Once you realize the goodness of the Very Large Gift, ideas will certainly flow freely. You will see the gift of a bicycle in a new light, providing your usually forgotten child with a liquid-cooled 745cc Honda Shadow RS. That new movie you were going to tuck into a stocking could transform into the complete box set of The Wire. Even the humble Christmas cookie, sugary and distributed in apparent fairness, could be re-thought. Let his siblings munch their tasty wafers while your December child enjoys an evening out at Buddakan or perhaps even Le Bec-Fin.

These are but suggestions, and you will develop your own approaches. Regardless, the Year of the Very Large Gift would be a meaningful step in undoing eons of second fiddledom. These Very Large Gifts, collectively, would make the world better for that 8% of the population who have long suffered for their parents’ amorousness during nascent springtime. This petition is not driven by greed — no! — but is put forth as a reasonable way to do that rare thing, to make up for the woes of the past, one souped-up holiday present at a time.

Note: Some may find it suspicious that the author’s birthday is December 21. I can assure you that this column’s subject matter and that birth date are merely coincidental. Further, the above gift suggestions were arrived at using a random gift distribution methodology.

Scott Warnock is a writer and teacher who lives in South Jersey. He is a professor of English at Drexel University, where he directs the University Writing Program. Father of three and husband of one, Scott is on two local school boards and coaches all kinds of youth sports.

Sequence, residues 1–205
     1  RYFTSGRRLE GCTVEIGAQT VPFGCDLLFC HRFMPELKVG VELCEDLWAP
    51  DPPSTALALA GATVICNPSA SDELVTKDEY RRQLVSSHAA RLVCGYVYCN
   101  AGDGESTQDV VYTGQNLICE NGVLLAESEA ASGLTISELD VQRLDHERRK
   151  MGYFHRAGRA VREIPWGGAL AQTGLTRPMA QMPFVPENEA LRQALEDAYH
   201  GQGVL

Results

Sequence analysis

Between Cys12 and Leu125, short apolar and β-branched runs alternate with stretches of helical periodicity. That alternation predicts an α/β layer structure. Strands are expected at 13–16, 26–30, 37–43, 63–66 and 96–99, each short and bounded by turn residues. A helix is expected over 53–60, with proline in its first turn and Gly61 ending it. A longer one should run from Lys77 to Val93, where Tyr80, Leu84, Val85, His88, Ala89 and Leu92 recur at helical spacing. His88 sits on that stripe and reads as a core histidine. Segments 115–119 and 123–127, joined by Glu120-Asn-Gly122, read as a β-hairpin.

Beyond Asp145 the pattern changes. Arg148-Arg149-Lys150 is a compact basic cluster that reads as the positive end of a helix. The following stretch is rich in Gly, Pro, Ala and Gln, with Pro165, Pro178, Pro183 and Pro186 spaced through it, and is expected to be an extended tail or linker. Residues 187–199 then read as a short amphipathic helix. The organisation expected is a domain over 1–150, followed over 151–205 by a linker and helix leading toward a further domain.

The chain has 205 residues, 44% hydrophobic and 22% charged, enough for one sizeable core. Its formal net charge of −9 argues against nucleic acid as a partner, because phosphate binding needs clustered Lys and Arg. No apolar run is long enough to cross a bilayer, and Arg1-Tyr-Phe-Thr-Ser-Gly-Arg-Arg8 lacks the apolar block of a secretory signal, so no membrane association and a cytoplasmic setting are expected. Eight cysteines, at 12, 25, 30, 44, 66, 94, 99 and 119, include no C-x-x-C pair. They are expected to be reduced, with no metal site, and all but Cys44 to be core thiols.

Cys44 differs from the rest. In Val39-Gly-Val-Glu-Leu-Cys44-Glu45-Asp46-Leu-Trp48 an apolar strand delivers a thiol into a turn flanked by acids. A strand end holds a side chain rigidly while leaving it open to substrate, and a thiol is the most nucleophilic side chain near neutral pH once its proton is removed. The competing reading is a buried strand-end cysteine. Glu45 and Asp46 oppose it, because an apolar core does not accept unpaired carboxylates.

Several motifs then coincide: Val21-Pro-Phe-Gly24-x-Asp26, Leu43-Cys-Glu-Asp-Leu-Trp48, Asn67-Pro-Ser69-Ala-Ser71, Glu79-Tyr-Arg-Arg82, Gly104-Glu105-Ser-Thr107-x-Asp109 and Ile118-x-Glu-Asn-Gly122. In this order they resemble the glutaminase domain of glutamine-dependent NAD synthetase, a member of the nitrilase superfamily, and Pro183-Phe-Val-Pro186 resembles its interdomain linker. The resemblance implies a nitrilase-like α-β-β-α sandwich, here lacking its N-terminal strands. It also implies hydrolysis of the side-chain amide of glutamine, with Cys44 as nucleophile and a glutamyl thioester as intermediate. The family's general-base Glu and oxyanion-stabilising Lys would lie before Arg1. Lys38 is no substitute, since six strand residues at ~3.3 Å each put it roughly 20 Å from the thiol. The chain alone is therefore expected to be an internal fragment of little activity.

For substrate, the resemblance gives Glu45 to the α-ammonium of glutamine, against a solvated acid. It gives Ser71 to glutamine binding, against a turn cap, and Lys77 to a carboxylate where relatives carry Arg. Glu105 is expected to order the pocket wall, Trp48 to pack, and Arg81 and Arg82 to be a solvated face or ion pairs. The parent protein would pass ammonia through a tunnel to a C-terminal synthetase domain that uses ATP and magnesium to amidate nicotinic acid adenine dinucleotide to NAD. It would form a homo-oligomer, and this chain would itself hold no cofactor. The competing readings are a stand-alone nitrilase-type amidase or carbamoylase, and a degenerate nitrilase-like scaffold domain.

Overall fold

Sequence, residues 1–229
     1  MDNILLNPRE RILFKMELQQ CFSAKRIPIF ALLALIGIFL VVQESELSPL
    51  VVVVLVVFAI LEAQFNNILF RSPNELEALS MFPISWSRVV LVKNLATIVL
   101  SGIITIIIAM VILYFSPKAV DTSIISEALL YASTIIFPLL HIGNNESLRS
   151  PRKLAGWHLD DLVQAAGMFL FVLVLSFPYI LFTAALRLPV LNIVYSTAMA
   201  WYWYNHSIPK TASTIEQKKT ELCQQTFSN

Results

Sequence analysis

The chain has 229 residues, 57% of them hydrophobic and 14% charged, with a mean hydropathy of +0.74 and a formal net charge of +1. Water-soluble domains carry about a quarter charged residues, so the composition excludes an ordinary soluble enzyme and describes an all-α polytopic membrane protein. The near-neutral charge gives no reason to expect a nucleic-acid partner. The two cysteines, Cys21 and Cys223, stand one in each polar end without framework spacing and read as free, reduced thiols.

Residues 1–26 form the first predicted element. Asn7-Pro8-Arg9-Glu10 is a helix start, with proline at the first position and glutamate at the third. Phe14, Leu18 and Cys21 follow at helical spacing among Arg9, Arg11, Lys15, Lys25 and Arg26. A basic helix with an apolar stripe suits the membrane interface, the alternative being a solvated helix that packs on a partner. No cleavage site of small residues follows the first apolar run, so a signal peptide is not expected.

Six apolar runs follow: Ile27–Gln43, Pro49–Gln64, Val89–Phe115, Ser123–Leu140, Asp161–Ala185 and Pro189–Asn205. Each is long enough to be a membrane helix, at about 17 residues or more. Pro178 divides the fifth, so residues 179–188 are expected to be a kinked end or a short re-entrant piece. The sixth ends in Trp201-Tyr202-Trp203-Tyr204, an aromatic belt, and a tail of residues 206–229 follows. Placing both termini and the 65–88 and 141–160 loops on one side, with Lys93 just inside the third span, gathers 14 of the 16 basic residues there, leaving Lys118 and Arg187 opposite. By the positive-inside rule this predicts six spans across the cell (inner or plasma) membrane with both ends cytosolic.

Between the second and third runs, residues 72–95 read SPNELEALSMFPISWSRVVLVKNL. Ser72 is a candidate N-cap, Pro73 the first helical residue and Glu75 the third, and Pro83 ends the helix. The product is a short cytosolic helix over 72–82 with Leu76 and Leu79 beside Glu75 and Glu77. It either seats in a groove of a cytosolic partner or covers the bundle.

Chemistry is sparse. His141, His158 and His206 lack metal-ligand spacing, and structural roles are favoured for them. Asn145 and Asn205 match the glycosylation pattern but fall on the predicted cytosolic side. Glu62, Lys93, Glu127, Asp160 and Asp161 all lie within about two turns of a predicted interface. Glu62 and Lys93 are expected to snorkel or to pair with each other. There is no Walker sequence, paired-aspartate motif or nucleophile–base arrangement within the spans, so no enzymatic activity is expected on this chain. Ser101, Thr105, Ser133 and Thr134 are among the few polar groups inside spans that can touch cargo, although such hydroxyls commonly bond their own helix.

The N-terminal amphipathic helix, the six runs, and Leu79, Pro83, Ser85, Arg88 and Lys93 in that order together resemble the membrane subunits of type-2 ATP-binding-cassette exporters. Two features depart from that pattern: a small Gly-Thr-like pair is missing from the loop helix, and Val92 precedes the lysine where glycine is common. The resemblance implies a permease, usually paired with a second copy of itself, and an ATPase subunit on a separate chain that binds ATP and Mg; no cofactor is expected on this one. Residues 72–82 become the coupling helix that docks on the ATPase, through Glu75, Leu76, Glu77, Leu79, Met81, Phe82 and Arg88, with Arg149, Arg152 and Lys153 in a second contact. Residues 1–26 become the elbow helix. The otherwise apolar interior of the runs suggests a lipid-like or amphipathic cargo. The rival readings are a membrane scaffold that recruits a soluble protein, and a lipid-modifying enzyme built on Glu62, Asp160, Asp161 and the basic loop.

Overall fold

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8 Responses to “A simple plea on behalf of children with holiday birthdays”

  1. Disclaimer “Note” be damned.

    Shameless….simply shameless.

  2. whiner

  3. There’s little Chris again.

  4. Ha ha, my son’s birthday is Christmas day! I will keep the munich beer hall trip in mind for the future but for now he just gets a couple of normal presents in July. Scott, I’ll try to remember to include you in this year’s summer lego replenishment, ok? :)

  5. I think I can remember a couple summer pool parties at the former Maple Lane Swim Club, where this discussion came to light….and we toasted the December birthday occassion once, twice, thrice….I lost count. ;)

  6. Glad you wrote about this so I don’t have to! The neglect a holiday birthday child (or adult) feels is often overlooked in our society. People with birthdays in the spring and summer months simply don’t understand that it runs deeper than first appearances. I never felt comfortable with my life partners until I realized it wasn’t me– it was their inability to acknowledge the neglect I felt over being born on January second. I am now happily married to someone born the week before Christmas and things are going well.
    This holiday season I’ve started shopping in stores owned by holiday birthday owners only and am eating only the meat of animals born in the spring and summer.
    Together we can draw attention to this important cause!

  7. Shameless or not — I loved it! Happy Birthday to you and to all the holiday birthday babies that get shortchanged. :-)

  8. Thanks for addressing this problem. My family is jam packed with Holiday birthdays. December 18th (2 of them), 22nd, 24th, 26th and January 3rd and 9th. Merpy Birthmus indeed !